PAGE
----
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Teaching Reading to Adult English Language Learners: A Reading Instruction Staff Development Program

The resource contains materials for four workshop sessions, including a Facilitator Guide, Facilitator Notes, and Participant Handouts.
Author(s): 
Center for Applied Linguistics
Author(s) Organizational Affiliation: 
Center for Applied Linguistics
Published: 
2005
Resource Type: 
Product
Number of Pages: 
109
Skill Level: 
NRS EFL 3--ESL High Beginning ESL
NRS EFL 4--ESL Low Intermediate ESL
NRS EFL 5--ESL High Intermediate ESL
Required Training: 

This Guide is comprehensive and self-contained.

Abstract: 

This comprehensive and self-contained resource was developed by the Center for Applied Linguistics for the Adult ESOL Program, Office of Adult And Community Education, Fairfax Co. Public Schools. The resource contains materials for four workshop sessions, including a Facilitator Guide, Facilitator Notes, and Participant Handouts. The sessions include: Introduction to Teaching Reading, Selecting Appropriate Texts and Developing a Good Reading Lesson, Focus on Pre-Reading, Putting a Reading Lesson Together. The Staff Development Program is based on research on English language learners and adult learners. The resource includes reading development materials, such as newspaper articles, school-based texts, CAELA briefs, brochures from organizations, interviews with ELL learners. Some of these materials are specific to the Washington, DC area; however, they are fine as is or could be replaced with materials reflective of the users’ areas. The resource has a distinct focus on instrumental learning. It should be noted that the reading activities are more appropriate for mid to high level readers.

What the Experts Say: 

Summary of Basic Skills Reviewer Comments:

This is a great resource for ESL adult education teachers and administrators. Excellent support materials are provided; it is very organized, based on research reports, gives good suggestions for resources, and very user friendly.

The workshop guide is well designed, and written in sufficient detail that it could be used by competent staff development persons. The facilitator and participant materials appear to be complete and helpful.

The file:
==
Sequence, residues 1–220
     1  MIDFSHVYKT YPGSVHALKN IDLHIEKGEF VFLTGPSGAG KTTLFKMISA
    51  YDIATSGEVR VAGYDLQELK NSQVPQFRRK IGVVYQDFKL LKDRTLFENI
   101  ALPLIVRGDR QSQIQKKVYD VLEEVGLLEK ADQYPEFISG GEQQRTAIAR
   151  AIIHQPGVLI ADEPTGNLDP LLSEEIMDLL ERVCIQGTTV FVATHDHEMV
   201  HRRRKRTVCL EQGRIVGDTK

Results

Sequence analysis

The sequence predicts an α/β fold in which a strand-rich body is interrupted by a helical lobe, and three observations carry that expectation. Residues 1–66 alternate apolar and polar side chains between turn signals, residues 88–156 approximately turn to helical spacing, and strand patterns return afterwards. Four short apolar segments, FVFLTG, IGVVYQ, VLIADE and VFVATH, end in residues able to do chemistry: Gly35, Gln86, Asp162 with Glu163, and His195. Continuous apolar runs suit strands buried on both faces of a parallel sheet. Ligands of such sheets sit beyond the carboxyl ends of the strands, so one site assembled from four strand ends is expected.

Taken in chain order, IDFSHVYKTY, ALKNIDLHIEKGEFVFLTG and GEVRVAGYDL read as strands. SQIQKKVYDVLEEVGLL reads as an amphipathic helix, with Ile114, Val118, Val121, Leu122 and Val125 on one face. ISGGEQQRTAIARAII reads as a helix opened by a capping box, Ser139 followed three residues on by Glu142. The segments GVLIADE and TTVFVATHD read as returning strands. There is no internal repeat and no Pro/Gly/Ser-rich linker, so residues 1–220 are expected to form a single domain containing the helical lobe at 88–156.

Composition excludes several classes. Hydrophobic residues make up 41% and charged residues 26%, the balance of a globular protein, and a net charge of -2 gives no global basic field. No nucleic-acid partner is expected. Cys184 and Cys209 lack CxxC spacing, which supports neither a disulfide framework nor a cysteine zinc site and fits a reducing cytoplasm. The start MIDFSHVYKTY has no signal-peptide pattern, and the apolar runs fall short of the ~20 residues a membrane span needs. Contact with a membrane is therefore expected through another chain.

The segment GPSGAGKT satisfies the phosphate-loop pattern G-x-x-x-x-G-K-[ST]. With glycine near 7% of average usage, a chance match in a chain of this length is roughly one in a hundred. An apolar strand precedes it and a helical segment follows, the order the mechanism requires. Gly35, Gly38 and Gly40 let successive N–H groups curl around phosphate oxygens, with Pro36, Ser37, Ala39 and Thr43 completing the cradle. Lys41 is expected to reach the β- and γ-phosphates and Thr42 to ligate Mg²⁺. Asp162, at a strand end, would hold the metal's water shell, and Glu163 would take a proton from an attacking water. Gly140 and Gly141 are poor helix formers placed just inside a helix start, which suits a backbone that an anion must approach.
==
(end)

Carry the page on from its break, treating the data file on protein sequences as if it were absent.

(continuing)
Perhaps the best argument for including the resource in the LINCS collection is its authorship. The individuals who put the workshop together are highly capable, recognized experts in ELL instruction. 

I have a few reservations:

  • While some attention is paid to using meaningful texts, and to connecting instruction to learners' lives, these topics are not considered as explicitly as I might like.
  • The 15-minute section on selecting appropriate text materials seems too brief to be very helpful, and no participant materials accompany it.
  • While the workshop includes a good example of a reading activity (designed using a familiar lesson plan format, there do not appear to be many suggestions for techniques teachers might use (except for those demonstrated) to develop their own activities.

Summary of ELA Reviewer Comments:
This resource is very well laid out, intellectually and visually. It is especially useful to the field of adult ESL because the teaching of reading is one of the least developed of the four skills (listening, speaking, reading, and writing) in teaching English to speakers of other languages. The manual provides an organized and comprehensible approach to teaching techniques that follows the principles of adult learning and theories that address the differences in how ELLs learn to read compared to native language learners. In addition, the text addresses differences among ELLs (and the need for different approaches) based on native language literacy and the alphabetic or non-alphabetic written system with which they are familiar. Furthermore, the authors respect and build on the knowledge that the participant and teachers bring to the classroom. They also address the specific needs and experiences of ELLs including their levels of literacy in their own language and the type of written symbols with which they are familiar. It makes the case for direct instruction of the components necessary for ELLs to learn to read and shares research to back up each instructional point.

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